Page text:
Your Wedding Day Timetable

Advice on how to keep your wedding day timetable in check; from the start of your ceremony to the very last dance.  

The speeches at a wedding reception tend to go on for longer than originally planned

One of the challenges that is often underestimated when planning a wedding, is the timing on the big day. With so many exciting elements to a wedding celebration, it is key to keep them timed well and on track, so as not to cause disappointment to the newlywed couple or their guests. 

We’ve all heard wedding stories in the past of when the drinks reception went on for too many hours, the meal was rushed, the speeches were so long that people had to be woken up and the gap between the first and last dance was not long enough to get the party started. Ultimately part of the planning and timing of your day should be down to the team at your wedding venue. Guided by you in advance of your wedding, the venue and staff should be fully clued up on what is going to happen - and when. In some cases, the timetable of a wedding day may not go precisely to plan, but in our experience, the vast majority of weddings that do follow the appropriate timetable, to the minute, are flawless and enjoyed by everyone, in every way. 

Planning a Wedding Timetable 

Your wedding day, typically, revolves around the time of your wedding ceremony. However, depending on where you are getting married and where you are holding your wedding reception could have an impact on throwing the timings of your day off. If you plan to get married at the the same venue you are hosting your reception then a Toastmaster who is familiar with all of your timings, or the staff at the venue should be able to keep the day running smoothly. 

If you’re getting married in a church and then need to travel to your wedding reception venue, then your timings may vary a little. However, if you leave enough time for all of your guests to leave the church, find your wedding venue, park and have a drink, then everything should once again fall back in line, ready for the next stage of your celebration. Weather and the traffic on the day may cause slight disruption depending on how far your guests have to travel from A to B. 

Essential Elements to Include on your Wedding Timetable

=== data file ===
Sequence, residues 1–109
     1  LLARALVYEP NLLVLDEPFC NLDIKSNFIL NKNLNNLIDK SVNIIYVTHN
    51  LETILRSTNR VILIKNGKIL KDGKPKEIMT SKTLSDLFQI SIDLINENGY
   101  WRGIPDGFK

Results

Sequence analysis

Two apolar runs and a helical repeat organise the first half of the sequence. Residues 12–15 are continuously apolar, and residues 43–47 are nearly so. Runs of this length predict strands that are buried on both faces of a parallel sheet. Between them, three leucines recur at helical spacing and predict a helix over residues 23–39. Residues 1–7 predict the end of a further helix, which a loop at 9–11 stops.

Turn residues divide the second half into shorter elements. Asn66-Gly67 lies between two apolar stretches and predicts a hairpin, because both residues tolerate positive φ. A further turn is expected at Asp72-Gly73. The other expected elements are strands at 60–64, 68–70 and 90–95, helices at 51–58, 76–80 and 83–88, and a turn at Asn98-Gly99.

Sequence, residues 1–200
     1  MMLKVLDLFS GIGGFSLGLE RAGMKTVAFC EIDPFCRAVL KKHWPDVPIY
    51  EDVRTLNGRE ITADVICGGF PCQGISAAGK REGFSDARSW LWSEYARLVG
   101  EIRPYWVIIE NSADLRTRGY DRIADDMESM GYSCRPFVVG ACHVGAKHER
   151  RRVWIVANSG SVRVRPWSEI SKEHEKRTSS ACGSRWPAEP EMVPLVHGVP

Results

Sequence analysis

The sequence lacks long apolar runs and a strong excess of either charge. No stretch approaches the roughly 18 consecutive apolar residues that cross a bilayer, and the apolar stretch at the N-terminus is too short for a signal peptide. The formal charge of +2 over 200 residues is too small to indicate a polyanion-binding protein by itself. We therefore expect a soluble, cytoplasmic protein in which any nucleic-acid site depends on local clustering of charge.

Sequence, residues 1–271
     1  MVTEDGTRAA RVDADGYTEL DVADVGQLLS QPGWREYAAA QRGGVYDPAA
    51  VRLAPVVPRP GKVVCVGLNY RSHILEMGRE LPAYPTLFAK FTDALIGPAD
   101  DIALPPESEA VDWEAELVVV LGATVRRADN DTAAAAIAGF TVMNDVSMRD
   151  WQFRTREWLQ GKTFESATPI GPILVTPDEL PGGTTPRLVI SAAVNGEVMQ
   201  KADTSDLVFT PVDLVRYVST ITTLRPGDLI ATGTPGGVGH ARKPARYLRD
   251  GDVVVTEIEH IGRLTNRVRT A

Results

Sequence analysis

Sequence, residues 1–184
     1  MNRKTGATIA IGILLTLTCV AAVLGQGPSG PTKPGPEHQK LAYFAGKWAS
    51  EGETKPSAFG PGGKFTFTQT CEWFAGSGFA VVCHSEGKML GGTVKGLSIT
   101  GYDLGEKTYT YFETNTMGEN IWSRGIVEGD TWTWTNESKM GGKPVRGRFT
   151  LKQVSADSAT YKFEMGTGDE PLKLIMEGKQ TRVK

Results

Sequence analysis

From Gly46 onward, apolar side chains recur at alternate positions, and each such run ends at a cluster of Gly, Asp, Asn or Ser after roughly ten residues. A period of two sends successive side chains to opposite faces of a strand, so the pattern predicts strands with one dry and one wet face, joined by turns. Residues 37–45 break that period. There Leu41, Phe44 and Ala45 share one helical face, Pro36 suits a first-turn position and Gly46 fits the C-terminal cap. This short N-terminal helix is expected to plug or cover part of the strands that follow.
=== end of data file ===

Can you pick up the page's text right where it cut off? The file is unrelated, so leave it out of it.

• Pre-ceremony preparations, including wedding hair, beauty, getting dressed 
  • Travel time to the wedding ceremony venue
  • The wedding ceremony 
  • Photos at the ceremony venue (if not the reception venue)
  • Travel time from the ceremony to the reception venue 
  • Drinks reception 
  • Full group photo 
  • Receiving Line (if you’re having one)
  • The wedding banquet
  • Wedding speeches 
  • The arrival of evening guests (if you're planning a separate evening guest list)
  • Cutting the wedding cake
  • The first dance 
  • Introduction of the evening buffet
  • Dancing
  • The last dance/end of evening

Potential Time Delays Throughout your Wedding Celebration 

The following events could potentially throw your wedding timetable out of sync. The more familiar your wedding venue and suppliers are with your overall wedding timetable, the easier your day should flow. 

Wedding Décor 

The set up of any decorations that your florist or wedding venue are not doing for you may take longer than originally planned. This job should be delegated to a member of your wedding party, but it would be good to make them aware of timings. For example, when they are allowed in to the wedding venue on the day of your wedding etc. 

Wedding Photography 

It's natural to have lots of photographs taken before/during/after your wedding ceremony, but if you’re thinking of having lots of couple shots away from your group, then be sure to add this to your list as it may take longer than you think. 

The Receiving Line

Traditionally happens either on arrival at the reception venue or prior to the meal and should only last between 20 and 30 seconds per guest. However, depending on the size of your guest list, this could take much longer – therefore delaying the wedding breakfast part of your day – which a chef may not appreciate if your food has been timed to the minute. 

The Wedding Speeches 

It is not uncommon for wedding speeches to run way over their allotted time at a wedding reception. Father's of the bride might get carried away, and when it comes to the best man, there’s no telling how long his speech might be. It would be advisable to give everyone speaking at your wedding a rough guide of how long they should allow for their wedding speech, in order to keep the rest of the day on-track. 

Planning your Wedding Timetable with your Wedding Venue 

Your wedding venue should be asking you for a detailed timetable of your day, well in advance of your actual wedding celebration. This will enable them to have welcome drinks, canapés and food prepared, not forgetting having the venue clean, decorated and organised in terms of staffing numbers for your day. 

A well timed wedding reception will make a huge difference to your overall experience, and that of your wedding guests too. Ask your wedding venue how much control/influence will they exert to keep things on schedule? Also, be sure to keep them up to date with the different elements of your day as your wedding planning journey progresses. 

In the unfortunate occurrence that your wedding timetable does happen to steer in the wrong direction on your wedding day, well prepared staff should step in to speed things up and get things back on track where possible. Reading reviews of recent wedding couples should give you a good idea on how good their experience was with the particular venue on their special day.